Amaravati: In a surprise move, the Andhra Pradesh Legislative Assembly on Monday passed a Bill to repeal the controversial AP Decentralisation and Inclusive Development of All Regions Act, 2020, that was intended to establish three capitals for the State. Chief Minister YS Jaganmohan Reddy, however, said the government would come out with a more comprehensive, people-friendly Bill.
While making the announcement in the AP Legislative Assembly on Monday, which led to the passing of the AP Decentralisation and Inclusive Development of All Regions Repeal Bill, 2021, Chief Minister YS Jaganmohan Reddy said that his government would bring a ‘comprehensive, complete and better’ Decentralisation Bill. The Chief Minister recalled that the new Andhra State was formed with Kurnool as the capital under the terms of the Sribagh pact. After the formation of the Andhra Pradesh State in 1956, both the capital city and High Court were shifted to Hyderabad.
Speaking in the Assembly Jaganmohan Reddy said, “Everyone knows the TDP government’s decision to set up a capital in Amaravati on 50,000 acres was controversial, and that it went against the Sivaramakrishnan committee report. I have nothing against this region. I have my residence here. But we have to consider one aspect that this region is neither exactly in Guntur or Vijayawada. There is no basic infrastructure, such as roads, electricity, drainage. And it is estimated that it would cost Rs 2 crore to set up infrastructure in one acre here and for 50,000 acres, it would be Rs 1 lakh crore.
“In ten years, this cost would shoot up further from Rs 6 lakh crore to Rs 7 lakh crore. When we have a shortage of funds for laying roads, drainage and paying power bills, how can we meet such huge costs? How long will it take for the capital to be ready? It is unfair to mislead people about a big, imaginary capital. Vizag on the other hand already is the biggest city in the State and has all the basic infrastructure. If we work on beautification and other amenities, it can be developed to compete with cities like Hyderabad,” he added. With this in mind, decentralisation was contemplated, making Visakhapatnam the executive capital, Amaravati the legislative capital and Kurnool as judicial capital, he explained.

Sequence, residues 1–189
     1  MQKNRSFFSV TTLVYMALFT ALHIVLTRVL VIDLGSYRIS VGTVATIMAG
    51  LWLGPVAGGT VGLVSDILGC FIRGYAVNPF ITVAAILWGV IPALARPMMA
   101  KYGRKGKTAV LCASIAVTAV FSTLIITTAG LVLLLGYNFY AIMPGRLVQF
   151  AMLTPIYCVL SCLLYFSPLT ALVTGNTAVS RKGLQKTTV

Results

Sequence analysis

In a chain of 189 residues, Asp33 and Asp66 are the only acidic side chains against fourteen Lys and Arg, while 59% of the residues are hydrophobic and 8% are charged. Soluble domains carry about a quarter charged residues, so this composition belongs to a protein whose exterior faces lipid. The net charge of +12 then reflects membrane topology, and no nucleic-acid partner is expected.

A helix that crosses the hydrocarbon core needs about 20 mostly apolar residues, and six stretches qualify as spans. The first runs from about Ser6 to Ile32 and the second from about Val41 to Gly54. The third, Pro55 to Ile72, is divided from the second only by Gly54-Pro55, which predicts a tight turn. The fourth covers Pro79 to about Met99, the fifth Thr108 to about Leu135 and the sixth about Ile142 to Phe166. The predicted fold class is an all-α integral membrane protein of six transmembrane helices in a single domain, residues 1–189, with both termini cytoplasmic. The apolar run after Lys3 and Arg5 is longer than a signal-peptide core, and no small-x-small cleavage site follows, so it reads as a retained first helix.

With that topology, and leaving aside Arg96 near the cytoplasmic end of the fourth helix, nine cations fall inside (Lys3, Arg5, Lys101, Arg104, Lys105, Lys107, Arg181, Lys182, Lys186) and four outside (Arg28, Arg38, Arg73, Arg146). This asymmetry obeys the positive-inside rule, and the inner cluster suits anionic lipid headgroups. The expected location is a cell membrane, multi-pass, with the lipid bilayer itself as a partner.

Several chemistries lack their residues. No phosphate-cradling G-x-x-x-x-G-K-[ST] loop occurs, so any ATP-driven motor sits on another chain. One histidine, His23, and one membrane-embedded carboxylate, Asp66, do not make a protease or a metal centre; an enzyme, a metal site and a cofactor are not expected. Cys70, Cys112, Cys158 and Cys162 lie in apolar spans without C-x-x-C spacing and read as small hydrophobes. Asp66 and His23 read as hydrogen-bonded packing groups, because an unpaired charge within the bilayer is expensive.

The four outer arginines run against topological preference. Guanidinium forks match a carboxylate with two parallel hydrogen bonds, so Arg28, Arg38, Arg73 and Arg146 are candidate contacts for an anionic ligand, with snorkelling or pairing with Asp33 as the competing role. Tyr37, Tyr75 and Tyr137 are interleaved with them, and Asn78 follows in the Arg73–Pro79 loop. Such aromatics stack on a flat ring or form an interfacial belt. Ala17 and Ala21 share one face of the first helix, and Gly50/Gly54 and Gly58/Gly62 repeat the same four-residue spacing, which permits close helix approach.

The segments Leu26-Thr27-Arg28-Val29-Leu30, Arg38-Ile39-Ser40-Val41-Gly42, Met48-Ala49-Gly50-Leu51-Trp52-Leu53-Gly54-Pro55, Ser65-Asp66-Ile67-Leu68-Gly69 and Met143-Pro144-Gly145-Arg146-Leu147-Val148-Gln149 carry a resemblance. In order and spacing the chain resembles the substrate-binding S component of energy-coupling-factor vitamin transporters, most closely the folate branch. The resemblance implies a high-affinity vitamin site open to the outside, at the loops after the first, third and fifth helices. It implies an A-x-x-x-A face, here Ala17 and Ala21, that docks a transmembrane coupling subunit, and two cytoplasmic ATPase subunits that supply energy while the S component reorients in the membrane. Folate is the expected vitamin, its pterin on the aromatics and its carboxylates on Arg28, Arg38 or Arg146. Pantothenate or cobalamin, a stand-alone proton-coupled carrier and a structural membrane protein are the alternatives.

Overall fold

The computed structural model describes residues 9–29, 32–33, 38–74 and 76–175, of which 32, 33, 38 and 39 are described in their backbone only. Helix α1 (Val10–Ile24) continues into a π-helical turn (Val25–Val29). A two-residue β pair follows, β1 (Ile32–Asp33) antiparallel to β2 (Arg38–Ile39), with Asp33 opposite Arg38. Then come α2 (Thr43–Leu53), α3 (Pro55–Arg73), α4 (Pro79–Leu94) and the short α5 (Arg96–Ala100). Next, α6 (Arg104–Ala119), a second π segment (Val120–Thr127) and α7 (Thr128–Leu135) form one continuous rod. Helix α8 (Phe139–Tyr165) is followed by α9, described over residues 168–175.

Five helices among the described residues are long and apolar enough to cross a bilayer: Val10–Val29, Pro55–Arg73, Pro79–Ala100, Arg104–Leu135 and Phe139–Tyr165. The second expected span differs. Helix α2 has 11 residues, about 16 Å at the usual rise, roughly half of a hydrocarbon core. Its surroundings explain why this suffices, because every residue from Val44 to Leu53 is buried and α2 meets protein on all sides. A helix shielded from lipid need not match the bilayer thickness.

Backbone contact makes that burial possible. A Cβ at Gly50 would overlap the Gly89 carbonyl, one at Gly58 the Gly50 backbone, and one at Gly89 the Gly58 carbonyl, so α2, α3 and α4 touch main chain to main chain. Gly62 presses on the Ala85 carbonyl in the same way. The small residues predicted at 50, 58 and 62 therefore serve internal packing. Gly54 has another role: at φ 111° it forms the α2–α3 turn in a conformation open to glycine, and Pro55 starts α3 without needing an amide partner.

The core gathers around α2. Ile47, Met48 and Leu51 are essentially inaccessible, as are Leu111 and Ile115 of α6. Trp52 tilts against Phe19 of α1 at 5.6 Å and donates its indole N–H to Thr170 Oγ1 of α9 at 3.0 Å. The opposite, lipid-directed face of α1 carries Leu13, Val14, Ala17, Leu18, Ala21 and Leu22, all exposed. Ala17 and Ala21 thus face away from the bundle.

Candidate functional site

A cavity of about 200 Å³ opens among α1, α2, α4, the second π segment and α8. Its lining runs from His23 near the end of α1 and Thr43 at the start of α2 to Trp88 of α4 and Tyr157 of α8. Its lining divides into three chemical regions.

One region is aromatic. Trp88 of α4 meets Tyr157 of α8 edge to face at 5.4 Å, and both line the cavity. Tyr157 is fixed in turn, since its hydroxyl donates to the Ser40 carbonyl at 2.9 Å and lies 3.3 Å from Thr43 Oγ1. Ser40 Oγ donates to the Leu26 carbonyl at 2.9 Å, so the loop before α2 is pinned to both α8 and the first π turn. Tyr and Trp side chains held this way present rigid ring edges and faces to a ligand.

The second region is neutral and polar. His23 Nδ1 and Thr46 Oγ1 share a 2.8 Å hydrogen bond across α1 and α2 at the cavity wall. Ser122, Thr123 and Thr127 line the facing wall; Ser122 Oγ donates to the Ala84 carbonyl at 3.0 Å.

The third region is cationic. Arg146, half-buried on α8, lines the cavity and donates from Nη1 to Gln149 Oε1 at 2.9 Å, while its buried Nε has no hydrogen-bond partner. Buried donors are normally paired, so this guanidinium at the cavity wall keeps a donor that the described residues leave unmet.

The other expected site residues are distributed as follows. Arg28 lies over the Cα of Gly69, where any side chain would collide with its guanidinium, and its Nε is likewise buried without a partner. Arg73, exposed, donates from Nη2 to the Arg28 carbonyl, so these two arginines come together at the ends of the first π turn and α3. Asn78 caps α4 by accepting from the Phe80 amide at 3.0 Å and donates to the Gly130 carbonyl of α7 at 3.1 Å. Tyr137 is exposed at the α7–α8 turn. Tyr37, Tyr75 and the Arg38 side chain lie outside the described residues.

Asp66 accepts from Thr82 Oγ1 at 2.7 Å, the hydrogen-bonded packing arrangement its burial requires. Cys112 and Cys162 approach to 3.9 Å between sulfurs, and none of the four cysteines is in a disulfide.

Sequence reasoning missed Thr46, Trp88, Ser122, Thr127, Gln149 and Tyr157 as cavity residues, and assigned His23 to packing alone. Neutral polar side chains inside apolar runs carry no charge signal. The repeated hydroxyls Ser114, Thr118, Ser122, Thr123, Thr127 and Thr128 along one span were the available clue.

Jagan said that the three-capital idea was floated with the idea of uniform development in mind. “Since then, many misconceptions have been created around it, along with many legal hurdles. It is in these circumstances that we are having to make this announcement. As soon as the capital decentralisation Bills were passed, if the trifurcation process had begun, we would have been able to see the positive results by now,” he said.
Stating that in the 2019 elections, people’s mandate made it clear that repeating a super capital model like Hyderabad is not what they wanted, the Chief Minister added, “Amidst the negative publicity, misconceptions and legal hurdles, some have also said that a few people would face injustice as a result of this move.”
“In this context, to properly elaborate the government’s good intentions in decentralising the capitals, the need for it, and to ensure all legal questions are answered in the Bill itself, to improve the Bill, to explain the issue in detail to people of all regions, and to make any other changes if needed, the government is withdrawing the Bill introduced earlier. Taking all these factors into account, the government will return to the House with a comprehensive, improved Bill, the Chief Minister further said.